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National Research Council (US) An Assessment of Research-Doctorate Programs: Panel on the Biomedical Sciences; Lorden JF, Kuh CV, Voytuk JA, editors. Research-Doctorate Programs in the Biomedical Sciences: Selected Findings from the NRC Assessment. Washington (DC): National Academies Press (US); 2011.

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Research-Doctorate Programs in the Biomedical Sciences: Selected Findings from the NRC Assessment.

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Preface and Acknowledgments

The panel was asked to respond to specific questions posed by NIH staff eager to learn more about what the recently issued Data-Based Assessment of Research-Doctorate Programs in the United States could reveal about the talent, training environment, outcomes, diversity, and international participation in the biomedical sciences workforce. The unprecedented amount of data collected from faculty, programs, and students as part of the Assessment provides a unique resource for a deeper understanding of these topics and for comparisons across fields. This report details some of the insights to be gained from mining the Assessment data. It also illustrates the challenges inherent in attempting to collect data consistently across many sources.

Like most research projects, this one answered some questions but raised many more. Questions on career outcomes for doctoral recipients, the role of postdoctoral scholars in the training environment, and strategies for increasing the participation of underrepresented minorities on research faculties are among those that the panel considered but could not answer. Readers will certainly add more questions to those posed by NIH and by the panel and perhaps be encouraged to undertake further study of this rich data source themselves.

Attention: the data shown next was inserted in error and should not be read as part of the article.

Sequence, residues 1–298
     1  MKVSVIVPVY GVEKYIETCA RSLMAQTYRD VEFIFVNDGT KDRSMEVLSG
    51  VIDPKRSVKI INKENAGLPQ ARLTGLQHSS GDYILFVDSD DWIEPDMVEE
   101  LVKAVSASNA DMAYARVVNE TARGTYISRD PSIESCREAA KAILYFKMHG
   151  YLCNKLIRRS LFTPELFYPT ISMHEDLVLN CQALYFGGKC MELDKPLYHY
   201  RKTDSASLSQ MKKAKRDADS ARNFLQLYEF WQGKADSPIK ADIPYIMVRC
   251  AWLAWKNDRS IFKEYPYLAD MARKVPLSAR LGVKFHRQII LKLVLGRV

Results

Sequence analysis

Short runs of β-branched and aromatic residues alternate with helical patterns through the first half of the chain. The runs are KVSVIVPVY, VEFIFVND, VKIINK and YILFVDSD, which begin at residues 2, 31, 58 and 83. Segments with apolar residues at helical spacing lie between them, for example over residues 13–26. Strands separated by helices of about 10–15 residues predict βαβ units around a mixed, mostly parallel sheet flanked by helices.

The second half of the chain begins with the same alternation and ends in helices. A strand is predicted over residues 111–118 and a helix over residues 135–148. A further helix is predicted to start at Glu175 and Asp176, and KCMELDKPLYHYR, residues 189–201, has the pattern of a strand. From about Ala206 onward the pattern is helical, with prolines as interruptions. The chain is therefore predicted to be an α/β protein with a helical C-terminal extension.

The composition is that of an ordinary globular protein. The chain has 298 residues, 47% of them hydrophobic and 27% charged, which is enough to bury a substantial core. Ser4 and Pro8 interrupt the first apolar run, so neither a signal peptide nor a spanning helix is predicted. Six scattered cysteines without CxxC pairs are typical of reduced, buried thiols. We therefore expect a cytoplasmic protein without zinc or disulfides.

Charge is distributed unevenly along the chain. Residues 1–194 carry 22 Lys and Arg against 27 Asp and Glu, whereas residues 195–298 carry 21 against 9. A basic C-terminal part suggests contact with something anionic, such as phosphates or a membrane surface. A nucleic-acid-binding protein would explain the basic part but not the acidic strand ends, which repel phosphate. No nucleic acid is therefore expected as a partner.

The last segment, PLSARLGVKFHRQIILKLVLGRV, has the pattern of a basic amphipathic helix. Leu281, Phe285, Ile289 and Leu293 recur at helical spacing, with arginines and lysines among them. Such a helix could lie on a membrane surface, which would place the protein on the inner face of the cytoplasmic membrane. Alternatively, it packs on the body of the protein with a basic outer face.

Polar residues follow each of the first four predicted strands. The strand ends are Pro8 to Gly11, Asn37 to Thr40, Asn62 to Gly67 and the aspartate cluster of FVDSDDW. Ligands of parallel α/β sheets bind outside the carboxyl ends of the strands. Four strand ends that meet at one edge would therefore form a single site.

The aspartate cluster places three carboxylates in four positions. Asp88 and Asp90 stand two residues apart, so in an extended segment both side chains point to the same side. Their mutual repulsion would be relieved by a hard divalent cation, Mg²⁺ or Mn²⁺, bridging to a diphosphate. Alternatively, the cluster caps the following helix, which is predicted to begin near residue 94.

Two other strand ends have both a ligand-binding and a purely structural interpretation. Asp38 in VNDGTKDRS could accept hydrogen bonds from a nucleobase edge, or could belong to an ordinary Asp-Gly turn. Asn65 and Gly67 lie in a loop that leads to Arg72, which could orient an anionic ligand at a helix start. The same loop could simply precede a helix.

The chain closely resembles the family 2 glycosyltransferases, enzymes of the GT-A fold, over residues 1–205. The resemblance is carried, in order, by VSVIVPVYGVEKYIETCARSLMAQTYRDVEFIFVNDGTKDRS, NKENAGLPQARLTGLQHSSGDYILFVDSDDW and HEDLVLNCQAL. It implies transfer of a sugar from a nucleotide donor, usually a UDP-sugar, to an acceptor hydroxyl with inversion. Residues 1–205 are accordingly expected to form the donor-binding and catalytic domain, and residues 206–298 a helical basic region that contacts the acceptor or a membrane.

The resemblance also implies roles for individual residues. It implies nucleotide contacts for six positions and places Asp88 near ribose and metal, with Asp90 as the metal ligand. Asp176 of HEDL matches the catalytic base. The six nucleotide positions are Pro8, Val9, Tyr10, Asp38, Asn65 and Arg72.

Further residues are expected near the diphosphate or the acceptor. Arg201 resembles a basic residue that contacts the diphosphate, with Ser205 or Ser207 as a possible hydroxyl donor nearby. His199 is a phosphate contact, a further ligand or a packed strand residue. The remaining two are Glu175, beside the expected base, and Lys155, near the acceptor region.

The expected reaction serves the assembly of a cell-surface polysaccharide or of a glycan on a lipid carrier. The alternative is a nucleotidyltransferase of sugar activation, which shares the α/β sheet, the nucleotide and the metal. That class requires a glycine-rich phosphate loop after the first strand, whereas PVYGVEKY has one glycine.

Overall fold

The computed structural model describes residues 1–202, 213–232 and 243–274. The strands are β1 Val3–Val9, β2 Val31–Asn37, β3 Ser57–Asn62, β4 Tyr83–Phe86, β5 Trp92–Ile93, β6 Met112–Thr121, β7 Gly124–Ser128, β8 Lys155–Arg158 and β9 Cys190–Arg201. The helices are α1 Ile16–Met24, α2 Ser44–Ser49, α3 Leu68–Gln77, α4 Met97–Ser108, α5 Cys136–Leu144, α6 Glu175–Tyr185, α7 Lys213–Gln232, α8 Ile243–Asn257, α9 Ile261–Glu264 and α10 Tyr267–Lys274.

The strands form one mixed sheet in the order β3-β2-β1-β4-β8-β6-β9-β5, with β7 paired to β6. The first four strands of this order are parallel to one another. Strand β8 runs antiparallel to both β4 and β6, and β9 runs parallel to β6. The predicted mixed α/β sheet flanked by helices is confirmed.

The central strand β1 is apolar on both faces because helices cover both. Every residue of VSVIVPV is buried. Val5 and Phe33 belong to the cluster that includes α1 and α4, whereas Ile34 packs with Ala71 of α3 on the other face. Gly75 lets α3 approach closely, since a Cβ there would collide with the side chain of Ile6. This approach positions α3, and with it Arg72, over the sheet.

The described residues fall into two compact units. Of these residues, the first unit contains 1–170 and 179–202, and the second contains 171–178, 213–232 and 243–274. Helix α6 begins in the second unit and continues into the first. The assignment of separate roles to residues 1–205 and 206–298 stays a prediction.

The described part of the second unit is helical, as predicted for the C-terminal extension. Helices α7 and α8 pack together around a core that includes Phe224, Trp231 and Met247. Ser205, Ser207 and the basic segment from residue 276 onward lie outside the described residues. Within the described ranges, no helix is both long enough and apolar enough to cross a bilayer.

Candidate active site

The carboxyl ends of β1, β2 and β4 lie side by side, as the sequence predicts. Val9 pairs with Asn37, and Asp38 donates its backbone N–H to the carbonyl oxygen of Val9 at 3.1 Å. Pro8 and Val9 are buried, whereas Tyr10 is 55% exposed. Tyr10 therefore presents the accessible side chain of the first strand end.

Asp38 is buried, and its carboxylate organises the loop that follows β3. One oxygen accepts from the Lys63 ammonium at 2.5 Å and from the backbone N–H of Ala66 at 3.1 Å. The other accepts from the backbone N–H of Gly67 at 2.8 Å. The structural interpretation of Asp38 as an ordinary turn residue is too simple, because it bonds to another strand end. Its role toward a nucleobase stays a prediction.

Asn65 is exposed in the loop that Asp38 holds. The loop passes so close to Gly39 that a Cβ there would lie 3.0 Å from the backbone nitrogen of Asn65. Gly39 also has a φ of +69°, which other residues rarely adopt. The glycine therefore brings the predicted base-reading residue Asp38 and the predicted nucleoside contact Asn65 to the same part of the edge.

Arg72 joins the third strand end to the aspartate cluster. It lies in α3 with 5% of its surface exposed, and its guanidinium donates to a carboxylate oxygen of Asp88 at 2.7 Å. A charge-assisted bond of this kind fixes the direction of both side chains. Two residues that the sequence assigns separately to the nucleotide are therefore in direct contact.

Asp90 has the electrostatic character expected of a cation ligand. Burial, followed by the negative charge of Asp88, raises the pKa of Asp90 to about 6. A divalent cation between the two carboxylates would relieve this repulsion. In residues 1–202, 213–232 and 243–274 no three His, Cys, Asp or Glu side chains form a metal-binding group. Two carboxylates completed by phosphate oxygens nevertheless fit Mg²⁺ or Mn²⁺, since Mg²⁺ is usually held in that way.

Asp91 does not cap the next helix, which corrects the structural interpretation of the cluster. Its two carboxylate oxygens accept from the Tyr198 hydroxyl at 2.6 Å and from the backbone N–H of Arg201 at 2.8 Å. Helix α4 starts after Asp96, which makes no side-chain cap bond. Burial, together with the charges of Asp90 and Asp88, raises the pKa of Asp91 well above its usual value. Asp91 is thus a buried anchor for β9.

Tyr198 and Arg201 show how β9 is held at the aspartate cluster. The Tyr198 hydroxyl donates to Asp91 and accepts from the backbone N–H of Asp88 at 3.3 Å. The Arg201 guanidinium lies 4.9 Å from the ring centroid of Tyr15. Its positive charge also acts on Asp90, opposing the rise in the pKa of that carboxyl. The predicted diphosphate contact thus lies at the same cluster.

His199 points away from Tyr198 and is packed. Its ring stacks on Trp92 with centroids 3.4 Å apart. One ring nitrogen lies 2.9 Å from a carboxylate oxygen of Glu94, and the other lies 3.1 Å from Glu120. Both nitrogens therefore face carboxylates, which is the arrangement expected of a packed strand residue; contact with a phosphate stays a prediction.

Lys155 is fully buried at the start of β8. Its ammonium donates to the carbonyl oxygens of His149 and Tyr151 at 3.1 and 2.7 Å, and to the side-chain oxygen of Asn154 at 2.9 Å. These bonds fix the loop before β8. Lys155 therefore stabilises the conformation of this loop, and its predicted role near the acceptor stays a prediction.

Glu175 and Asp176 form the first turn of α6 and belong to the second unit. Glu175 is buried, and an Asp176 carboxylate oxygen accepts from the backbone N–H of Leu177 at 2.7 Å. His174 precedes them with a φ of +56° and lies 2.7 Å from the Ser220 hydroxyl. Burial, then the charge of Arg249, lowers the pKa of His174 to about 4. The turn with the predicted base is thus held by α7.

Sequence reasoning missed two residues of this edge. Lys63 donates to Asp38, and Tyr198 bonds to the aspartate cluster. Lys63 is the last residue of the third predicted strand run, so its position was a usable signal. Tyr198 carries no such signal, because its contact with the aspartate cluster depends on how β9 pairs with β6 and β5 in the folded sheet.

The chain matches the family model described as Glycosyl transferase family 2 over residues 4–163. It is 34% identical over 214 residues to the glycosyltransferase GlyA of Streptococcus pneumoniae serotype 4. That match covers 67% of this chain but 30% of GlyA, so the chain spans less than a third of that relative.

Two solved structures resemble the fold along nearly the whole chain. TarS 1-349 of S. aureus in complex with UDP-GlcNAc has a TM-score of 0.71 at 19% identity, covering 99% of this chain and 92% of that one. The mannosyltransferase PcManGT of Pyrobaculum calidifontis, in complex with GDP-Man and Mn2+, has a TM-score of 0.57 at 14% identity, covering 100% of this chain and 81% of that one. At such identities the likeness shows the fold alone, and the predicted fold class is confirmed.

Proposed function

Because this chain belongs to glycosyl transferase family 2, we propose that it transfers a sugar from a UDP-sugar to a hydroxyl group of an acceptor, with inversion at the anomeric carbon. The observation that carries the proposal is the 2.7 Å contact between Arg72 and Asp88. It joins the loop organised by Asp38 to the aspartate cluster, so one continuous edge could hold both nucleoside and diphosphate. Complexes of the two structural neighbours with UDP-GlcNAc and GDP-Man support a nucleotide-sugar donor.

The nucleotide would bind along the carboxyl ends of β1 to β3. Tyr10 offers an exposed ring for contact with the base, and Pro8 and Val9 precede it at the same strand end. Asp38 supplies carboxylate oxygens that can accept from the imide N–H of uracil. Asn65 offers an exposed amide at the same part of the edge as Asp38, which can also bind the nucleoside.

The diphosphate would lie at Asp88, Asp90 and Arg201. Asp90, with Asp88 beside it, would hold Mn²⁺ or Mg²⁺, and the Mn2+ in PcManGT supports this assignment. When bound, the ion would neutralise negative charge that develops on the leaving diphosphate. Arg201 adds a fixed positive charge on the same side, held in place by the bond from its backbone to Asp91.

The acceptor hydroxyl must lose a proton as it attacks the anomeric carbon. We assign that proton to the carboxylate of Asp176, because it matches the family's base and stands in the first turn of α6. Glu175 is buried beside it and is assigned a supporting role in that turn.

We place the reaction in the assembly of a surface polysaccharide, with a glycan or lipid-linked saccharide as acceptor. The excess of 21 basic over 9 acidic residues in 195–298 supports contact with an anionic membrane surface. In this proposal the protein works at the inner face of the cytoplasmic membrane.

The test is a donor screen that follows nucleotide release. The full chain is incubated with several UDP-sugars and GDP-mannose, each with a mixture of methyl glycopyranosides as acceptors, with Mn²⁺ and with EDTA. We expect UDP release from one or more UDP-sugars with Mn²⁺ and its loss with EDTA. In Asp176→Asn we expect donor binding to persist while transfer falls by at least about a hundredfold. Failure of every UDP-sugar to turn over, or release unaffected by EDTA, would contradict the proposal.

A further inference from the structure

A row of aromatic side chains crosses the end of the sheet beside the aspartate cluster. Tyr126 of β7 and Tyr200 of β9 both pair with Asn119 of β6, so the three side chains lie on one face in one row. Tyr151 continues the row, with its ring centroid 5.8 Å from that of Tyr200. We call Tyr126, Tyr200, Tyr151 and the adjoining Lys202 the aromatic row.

This report has been reviewed in draft form by individuals chosen for their diverse perspectives and technical expertise, in accordance with procedures approved by the National Academies’ Report Review Committee. The purpose of this independent review is to provide candid and critical comments that will assist the institution in making its published report as sound as possible and to ensure that the report meets institutional standards for objectivity, evidence, and responsiveness to the study charge. The review comments and draft manuscript remain confidential to protect the integrity of the process.

We wish to thank the following individuals for their review of this report: Irwin Arias, Tufts University; John Bailar, University of Chicago; Marie Davidian, North Carolina State University; David Korn, Harvard University; Thomas Louis, Johns Hopkins University; and Nancy Schwartz, University of Chicago.

Although the reviewers listed above have provided many constructive comments and suggestions, they were not asked to endorse the conclusions or recommendations, nor did they see the final draft of the report before its release. The review of this report was overseen by Stephen Fienberg, Carnegie Mellon University. Appointed by the National Academies, he was responsible for making certain that an independent examination of this report was carried out in accordance with institutional procedures and that all review comments were carefully considered. Responsibility for the final content of this report rests entirely with the authoring committee and the institution.

Joan F. Lorden


Copyright © 2011, National Academy of Sciences.
Bookshelf ID: NBK82469


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